How Moolah’s Natalie White created first women’s basketball sneaker

A 24-year-old entrepreneur has launched a line of basketball sneakers that’s designed exclusively for women — and it all started with an ad for Nike shoes.

Natalie White, then a senior at Boston College in 2019, saw an ad from the sneaker site Eastbay featuring four of the top WNBA players promoting various models — with some named after male NBA players.

“It was basically Sue Bird, and under her name it said ‘Kyrie 6,’” White told The Post, referring to Kyrie Irving’s signature Nike Kyrie 6 sneaker.

“I thought, ‘How wrong is this?’ Basketball is one of the most widely played sports by women in the US and instead of having their own sneakers, they are promoting a men’s shoe.”

But what started out as righteous indignation quickly morphed into a clever business idea.

Natalie White, founder of Moolah Kicks, holds one of the newest models The Phantom 1.
Stephen Yang

As the Manhattan native researched the industry, she realized that not only did WNBA ballers not have signature shoes, they didn’t even have proper women’s basketball shoes. Instead, basketball kicks from top brands are made to fit the male foot and marketed as unisex.

That makes basketball a curious outlier: Every other major sports category — running trainers and soccer cleats included — has designs that are crafted specifically for the female foot.

A wall of shoes in the office.
White’s Moolah kicks is carried exclusively by Dick’s Sporting Goods in 140 plus stores.
Stephen Yang

“I said ‘Oh my god, this is a huge performance issue. It ends up hurting your ankle, knee and body systems,” White told The Post.

Still at BC, she started interviewing physical therapists, athletic trainers and podiatrists who confirmed her suspicions. “In the medical field it’s widely known, girls are playing in sneakers that don’t truly fit them.”

Now, two years later, White is the bona fide CEO of a shoe company. Her brand Moolah Kicks is carried exclusively by Dick’s Sporting Goods in 140-plus stores. On Friday, Moolah Kicks is releasing its second drop which comes in four color ways. The fledgling firm has cut name, image and likeness — or “NIL” — deals with about 40 female college hoop stars and is sponsoring top AAU teams for summer tournaments.

“We have ball players reaching out to say they want to be a Moolah athlete,” White said. “To have them on shelves and get that feedback, it’s unbelievable.”

But first came the so-called “last” — that is, the proprietary foot mold that would be the Moolah base. Armed with her medical and market research, she reached out Brockton, Mass.-based Jones & Vining, which makes lasts for many top footwear brands. It took 22 calls before she landed a meeting in spring of 2020.

Natalie White
White realized that not only did WNBA ballers not have signature shoes, they didn’t even have women’s basketball shoes.
Stephen Yang

“I’m pushy. You keep working until you get the result you want,” White said.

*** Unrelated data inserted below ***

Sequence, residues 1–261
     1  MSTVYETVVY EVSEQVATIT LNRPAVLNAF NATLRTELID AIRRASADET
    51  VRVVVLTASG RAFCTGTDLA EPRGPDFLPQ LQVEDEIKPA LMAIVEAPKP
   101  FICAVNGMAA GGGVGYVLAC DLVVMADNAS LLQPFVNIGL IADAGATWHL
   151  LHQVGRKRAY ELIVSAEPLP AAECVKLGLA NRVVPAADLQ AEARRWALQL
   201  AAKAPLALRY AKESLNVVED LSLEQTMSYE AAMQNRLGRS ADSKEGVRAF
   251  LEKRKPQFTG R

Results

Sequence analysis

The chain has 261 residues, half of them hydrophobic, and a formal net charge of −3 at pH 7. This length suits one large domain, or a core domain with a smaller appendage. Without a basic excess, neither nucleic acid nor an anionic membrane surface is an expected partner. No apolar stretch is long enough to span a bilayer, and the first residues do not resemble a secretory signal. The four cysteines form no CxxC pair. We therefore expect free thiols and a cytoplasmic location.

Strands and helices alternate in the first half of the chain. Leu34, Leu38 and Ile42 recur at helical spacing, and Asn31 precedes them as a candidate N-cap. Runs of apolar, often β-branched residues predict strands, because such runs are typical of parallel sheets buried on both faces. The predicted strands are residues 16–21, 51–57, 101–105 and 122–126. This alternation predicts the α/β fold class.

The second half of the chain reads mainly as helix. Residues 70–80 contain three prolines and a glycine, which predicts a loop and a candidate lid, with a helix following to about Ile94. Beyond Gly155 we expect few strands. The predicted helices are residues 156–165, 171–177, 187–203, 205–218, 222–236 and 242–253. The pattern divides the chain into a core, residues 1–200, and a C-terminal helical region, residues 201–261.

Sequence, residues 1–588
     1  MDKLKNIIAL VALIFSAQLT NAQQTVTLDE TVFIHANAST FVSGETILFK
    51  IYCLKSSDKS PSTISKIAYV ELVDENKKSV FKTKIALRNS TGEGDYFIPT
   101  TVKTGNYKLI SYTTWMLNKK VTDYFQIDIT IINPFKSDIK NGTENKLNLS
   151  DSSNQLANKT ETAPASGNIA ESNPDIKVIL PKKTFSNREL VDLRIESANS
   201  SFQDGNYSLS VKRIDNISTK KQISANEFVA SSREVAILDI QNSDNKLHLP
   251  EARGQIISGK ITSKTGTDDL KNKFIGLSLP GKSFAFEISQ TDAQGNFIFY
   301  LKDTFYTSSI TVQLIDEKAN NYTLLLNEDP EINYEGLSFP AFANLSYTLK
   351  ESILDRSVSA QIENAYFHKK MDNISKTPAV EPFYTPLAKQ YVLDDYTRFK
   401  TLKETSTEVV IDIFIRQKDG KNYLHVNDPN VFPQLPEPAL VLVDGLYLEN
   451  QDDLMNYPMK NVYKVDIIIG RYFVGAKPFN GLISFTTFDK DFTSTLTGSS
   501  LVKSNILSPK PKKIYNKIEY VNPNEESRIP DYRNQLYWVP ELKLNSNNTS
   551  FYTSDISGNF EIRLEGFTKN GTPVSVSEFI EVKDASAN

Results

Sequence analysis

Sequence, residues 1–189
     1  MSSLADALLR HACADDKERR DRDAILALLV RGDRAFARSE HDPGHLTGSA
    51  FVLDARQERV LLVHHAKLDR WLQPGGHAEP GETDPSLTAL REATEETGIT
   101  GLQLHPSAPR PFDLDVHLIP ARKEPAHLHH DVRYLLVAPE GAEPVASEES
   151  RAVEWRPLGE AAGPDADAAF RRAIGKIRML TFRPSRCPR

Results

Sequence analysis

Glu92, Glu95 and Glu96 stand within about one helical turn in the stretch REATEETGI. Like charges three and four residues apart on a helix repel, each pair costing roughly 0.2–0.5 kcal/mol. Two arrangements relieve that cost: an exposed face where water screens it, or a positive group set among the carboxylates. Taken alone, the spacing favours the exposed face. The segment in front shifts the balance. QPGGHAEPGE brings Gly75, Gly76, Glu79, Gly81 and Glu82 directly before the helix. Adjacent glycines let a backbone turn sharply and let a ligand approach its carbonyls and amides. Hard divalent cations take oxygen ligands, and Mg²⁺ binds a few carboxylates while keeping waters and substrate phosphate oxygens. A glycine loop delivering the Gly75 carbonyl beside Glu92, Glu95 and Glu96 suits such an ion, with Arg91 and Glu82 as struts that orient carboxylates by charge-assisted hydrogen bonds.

Jones & Vining CEO Jim Salzano said he was “intrigued” by White’s intensity — and admitted that her discovery about women’s basketball shoe designs was news to him, too.

“I was shocked,” Salzano told The Post. “I said, ‘There aren’t any women’s basketball sneakers out there?’ I had no idea until Natalie came in here. Nobody had been paying attention to this.”

They fabricated a last that supports the biomechanical needs of the female basketball player: The heel is more narrow, the arch is lifted and the toe area is more shallow. “In layman’s terms, men’s feet are more brick-like and women’s have more shape,” said White, who now counts Salzano as an advisor.

Shortly thereafter, COVID shut down college campuses and businesses alike. Sent home by BC, White began working on Moolah nonstop and applying to numerous accelerators. But she was turned down by all of them.

“They didn’t understand what I was doing,” White said. “From there, I bootstrapped the whole operation.”

Natalie White
White’s company has deals with about 40 female college hoop stars and are sponsoring top AAU teams for their summer tournaments.
Stephen Yang

By May 2021, she had created samples and launched a pre-order campaign that netted some media attention and traction. She was then able to get into one of the top factories for performance footwear in the world and connected with Dick’s, which at the time was running a campaign about its commitment to girls sports.

White signed on for an exclusive partnership with the retailer and raised a seven-figure investment from various VC firms. Within 12 months, Moolah Kicks was in stores.

Moolah also has taken a unique approach to NIL deals. It has signed Division 1 athletes — including Penn State’s Anna Camden, LSU’s Alex Morris and Alabama’s Myra Gordon — who aren’t able to wear Moolah Kicks on the court because of their schools contract with other brands.

Nevertheless, they are Moolah Kicks ambassadors and promote the shoes on social media. Moolah Kicks’ Division 3 athletes are wearing the sneakers on court.

After just one season, White said she is getting positive feedback about fit, with customers also reporting reduced joint and back pain.

“We want more players and female hoopers in sneakers that fit their feet and allow them to perform at their highest level,” she said.